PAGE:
Terminology for Constrained-Node Networks
draft-bormann-lwig-7228bis-02

Document Type Active Internet-Draft (individual)
Last updated 2017-10-30
Stream (None)
Intended RFC status (None)
Formats plain text pdf html bibtex
Stream Stream state (No stream defined)
Consensus Boilerplate Unknown
RFC Editor Note (None)
IESG IESG state I-D Exists
Telechat date
Responsible AD (None)
Send notices to (None)
LWIG Working Group                                            C. Bormann
Internet-Draft                                   Universitaet Bremen TZI
Intended status: Informational                                  M. Ersue
Expires: May 3, 2018                        Nokia Solutions and Networks
                                                              A. Keranen
                                                                Ericsson
                                                                C. Gomez
                                                               UPC/i2CAT
                                                        October 30, 2017

               Terminology for Constrained-Node Networks
                   draft-bormann-lwig-7228bis-02

Abstract

   The Internet Protocol Suite is increasingly used on small devices
   with severe constraints on power, memory, and processing resources,
   creating constrained-node networks.  This document provides a number
   of basic terms that have been useful in the standardization work for
   constrained-node networks.

Status of This Memo

   This Internet-Draft is submitted in full conformance with the
   provisions of BCP 78 and BCP 79.

   Internet-Drafts are working documents of the Internet Engineering
   Task Force (IETF).  Note that other groups may also distribute
   working documents as Internet-Drafts.  The list of current Internet-
   Drafts is at https://datatracker.ietf.org/drafts/current/.

   Internet-Drafts are draft documents valid for a maximum of six months
   and may be updated, replaced, or obsoleted by other documents at any
   time.  It is inappropriate to use Internet-Drafts as reference
   material or to cite them other than as "work in progress."

   This Internet-Draft will expire on May 3, 2018.

Copyright Notice

   Copyright (c) 2017 IETF Trust and the persons identified as the
   document authors.  All rights reserved.

   This document is subject to BCP 78 and the IETF Trust's Legal
   Provisions Relating to IETF Documents
   (https://trustee.ietf.org/license-info) in effect on the date of
   publication of this document.  Please review these documents

Bormann, et al.            Expires May 3, 2018                  [Page 1]
Internet-Draft               CNN Terminology                October 2017

   carefully, as they describe your rights and restrictions with respect
   to this document.  Code Components extracted from this document must
   include Simplified BSD License text as described in Section 4.e of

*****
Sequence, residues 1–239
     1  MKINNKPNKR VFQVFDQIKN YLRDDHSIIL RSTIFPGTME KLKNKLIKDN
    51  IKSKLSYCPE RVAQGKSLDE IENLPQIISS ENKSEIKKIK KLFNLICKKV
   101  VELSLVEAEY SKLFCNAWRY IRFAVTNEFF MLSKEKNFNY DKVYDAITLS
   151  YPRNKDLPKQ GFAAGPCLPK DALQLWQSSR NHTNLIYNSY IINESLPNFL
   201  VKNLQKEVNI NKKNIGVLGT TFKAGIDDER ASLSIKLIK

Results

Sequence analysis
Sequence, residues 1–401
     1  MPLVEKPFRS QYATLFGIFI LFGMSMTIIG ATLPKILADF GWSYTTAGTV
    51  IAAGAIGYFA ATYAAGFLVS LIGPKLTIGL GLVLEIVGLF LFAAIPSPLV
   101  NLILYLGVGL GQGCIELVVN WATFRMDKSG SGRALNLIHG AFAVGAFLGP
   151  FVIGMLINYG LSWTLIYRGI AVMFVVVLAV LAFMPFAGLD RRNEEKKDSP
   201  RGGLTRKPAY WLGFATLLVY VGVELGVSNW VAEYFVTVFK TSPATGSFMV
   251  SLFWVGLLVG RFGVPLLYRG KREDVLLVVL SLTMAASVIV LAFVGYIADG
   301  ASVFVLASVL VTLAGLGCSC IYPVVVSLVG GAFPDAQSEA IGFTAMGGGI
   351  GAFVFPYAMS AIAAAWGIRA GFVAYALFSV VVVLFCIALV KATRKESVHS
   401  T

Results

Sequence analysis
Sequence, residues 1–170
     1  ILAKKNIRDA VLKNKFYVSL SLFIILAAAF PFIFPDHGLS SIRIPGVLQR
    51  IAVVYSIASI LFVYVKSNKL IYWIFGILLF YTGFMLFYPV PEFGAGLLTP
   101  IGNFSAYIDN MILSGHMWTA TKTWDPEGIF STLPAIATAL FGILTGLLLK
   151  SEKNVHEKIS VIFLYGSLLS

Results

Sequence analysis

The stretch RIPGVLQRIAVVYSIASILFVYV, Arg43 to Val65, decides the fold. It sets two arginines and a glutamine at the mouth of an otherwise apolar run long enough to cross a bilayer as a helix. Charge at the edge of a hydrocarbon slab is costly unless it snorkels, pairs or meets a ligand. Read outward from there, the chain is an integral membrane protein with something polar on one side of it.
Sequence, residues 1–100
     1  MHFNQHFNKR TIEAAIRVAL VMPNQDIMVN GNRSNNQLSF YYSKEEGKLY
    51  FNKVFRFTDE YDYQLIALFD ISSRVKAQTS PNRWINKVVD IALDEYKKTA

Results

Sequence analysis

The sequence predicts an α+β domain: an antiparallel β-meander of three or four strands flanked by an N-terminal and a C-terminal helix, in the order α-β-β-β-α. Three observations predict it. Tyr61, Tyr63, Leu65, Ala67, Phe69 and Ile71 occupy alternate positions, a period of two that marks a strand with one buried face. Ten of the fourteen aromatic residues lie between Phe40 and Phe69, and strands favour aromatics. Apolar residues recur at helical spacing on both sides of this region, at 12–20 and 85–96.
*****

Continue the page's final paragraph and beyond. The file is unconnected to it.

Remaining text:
the Trust Legal Provisions and are provided without warranty as
   described in the Simplified BSD License.

Table of Contents

   1.  Introduction  . . . . . . . . . . . . . . . . . . . . . . . .   2
   2.  Core Terminology  . . . . . . . . . . . . . . . . . . . . . .   3
     2.1.  Constrained Nodes . . . . . . . . . . . . . . . . . . . .   4
     2.2.  Constrained Networks  . . . . . . . . . . . . . . . . . .   5
       2.2.1.  Challenged Networks . . . . . . . . . . . . . . . . .   6
     2.3.  Constrained-Node Networks . . . . . . . . . . . . . . . .   6
       2.3.1.  LLN . . . . . . . . . . . . . . . . . . . . . . . . .   7
       2.3.2.  LoWPAN, 6LoWPAN . . . . . . . . . . . . . . . . . . .   7
   3.  Classes of Constrained Devices  . . . . . . . . . . . . . . .   8
   4.  Power Terminology . . . . . . . . . . . . . . . . . . . . . .  11
     4.1.  Scaling Properties  . . . . . . . . . . . . . . . . . . .  11
     4.2.  Classes of Energy Limitation  . . . . . . . . . . . . . .  12
     4.3.  Strategies for Using Power for Communication  . . . . . .  12
   5.  Classes of Networks . . . . . . . . . . . . . . . . . . . . .  14
     5.1.  Classes of link layer MTU size  . . . . . . . . . . . . .  14
     5.2.  Class of Internet Integration . . . . . . . . . . . . . .  15
     5.3.  Classes of physical layer bit rate  . . . . . . . . . . .  16
   6.  IANA Considerations . . . . . . . . . . . . . . . . . . . . .  17
   7.  Security Considerations . . . . . . . . . . . . . . . . . . .  17
   8.  Informative References  . . . . . . . . . . . . . . . . . . .  17
   Acknowledgements  . . . . . . . . . . . . . . . . . . . . . . . .  21
   Authors' Addresses  . . . . . . . . . . . . . . . . . . . . . . .  21

1.  Introduction

   Small devices with limited CPU, memory, and power resources, so-
   called "constrained devices" (often used as sensors/actuators, smart
   objects, or smart devices) can form a network, becoming "constrained
   nodes" in that network.  Such a network may itself exhibit
   constraints, e.g., with unreliable or lossy channels, limited and
   unpredictable bandwidth, and a highly dynamic topology.

   Constrained devices might be in charge of gathering information in
   diverse settings, including natural ecosystems, buildings, and
Show full document text